Wednesday, August 08, 2007

Charlie Heinlein remembered by dad

When Pvt. Charles T. Heinlein, 23, is buried at Arlington National Cemetery today, his father will remember an independent little boy who grew up to be "the best man I know."

Heinlein and two other soldiers were killed in Iraq on July 31 when an improvised explosive device detonated near their vehicle. He was with the 2nd Battalion, 3rd Infantry Regiment, 3rd Brigade, 2nd Infantry Division (Stryker Brigade Combat Team) out of Fort Lewis, Wash.

The son of Thomas Heinlein of Hemlock and Nina Heinlein of Texas, he went to Merrill Schools and attended Hemlock High School. He and his wife, Jessica, lived in Washington state. He also is survived by his grandmother, Donna Lynch, Hemlock; his sister, Jody Heinlein, and his niece, Logan, both of Texas; and many other relatives and friends.

Heinlein's funeral service will be today in Arlington National Cemetery. A memorial service open to everyone will take place at 6 p.m. Friday at the Hemlock-Merrill V.F.W. Post, 17595 W. Gratiot Road.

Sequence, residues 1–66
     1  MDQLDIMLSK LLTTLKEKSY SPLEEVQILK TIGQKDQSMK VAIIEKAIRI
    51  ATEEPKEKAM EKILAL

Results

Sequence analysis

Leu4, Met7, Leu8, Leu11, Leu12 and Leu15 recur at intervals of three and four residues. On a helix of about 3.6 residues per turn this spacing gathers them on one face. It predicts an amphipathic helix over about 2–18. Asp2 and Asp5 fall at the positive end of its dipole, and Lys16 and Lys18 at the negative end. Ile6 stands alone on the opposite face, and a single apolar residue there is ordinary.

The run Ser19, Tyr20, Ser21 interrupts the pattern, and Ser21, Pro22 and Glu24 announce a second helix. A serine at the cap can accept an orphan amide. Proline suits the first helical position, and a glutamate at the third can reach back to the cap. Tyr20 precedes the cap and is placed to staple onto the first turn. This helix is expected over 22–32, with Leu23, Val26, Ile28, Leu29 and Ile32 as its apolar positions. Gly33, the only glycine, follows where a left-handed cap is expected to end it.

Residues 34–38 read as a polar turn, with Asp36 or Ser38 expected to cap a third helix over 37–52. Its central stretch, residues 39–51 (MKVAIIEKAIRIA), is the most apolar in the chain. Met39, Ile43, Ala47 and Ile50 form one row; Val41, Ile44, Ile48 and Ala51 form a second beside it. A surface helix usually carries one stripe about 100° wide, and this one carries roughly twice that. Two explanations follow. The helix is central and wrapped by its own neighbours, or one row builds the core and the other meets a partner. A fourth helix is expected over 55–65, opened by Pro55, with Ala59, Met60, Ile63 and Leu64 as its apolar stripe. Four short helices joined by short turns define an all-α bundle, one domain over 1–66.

Thomas Heinlein was in the Washington D.C. area when he talked with the Daily News by phone. He said he remembered a little boy who could "irritate his father and drive his teachers up the wall" at times.

"Charlie was a kid who marched to his own drummer," he said.

He said his son was an individual who was very smart, but sometimes found school boring. He loved to read, and he loved music. His taste in music ranged from "Phantom of the Opera" to the jazz singer Nina Simone to the heavy metal band Metallica.

Charlie, as he preferred to be called, also loved to cook. His dad said he would put together the most amazing recipes, with a pinch of this and a little bit of that. But there was one problem.

"He never could cook the same recipe twice because he didn't remember what he did," Thomas said. Charlie then would cook up a new amazing recipe.

Thomas said his son had a knack of finding friends and turning them into family. He cared about his fellow soldiers "more than anything."

"He was very proud to be part of the Army," Thomas said. "It was like a family for him."

Thomas had opposing emotions about his son being in the Army.

"I was proud of him and scared to death," he said.

Charlie felt a strong sense of duty and felt the United States was doing good things in Iraq. Part of his work was taking supplies to places like schools and hospitals, and he was proud of what he did there.

Thomas viewed his son's body Tuesday evening.

"I said my final goodbyes for now," Thomas said.

He feels that Charlie now is watching over them, that he loves his family so much that it would take more than death for him not to watch over them.

Still, there's the loss.

"I've lost a large section of my future," Thomas said.

From the Midland Daily Times

Related Link:
Charles T. Heinlein Jr. dies 'of wounds suffered when an improvised explosive device detonated near his vehicle'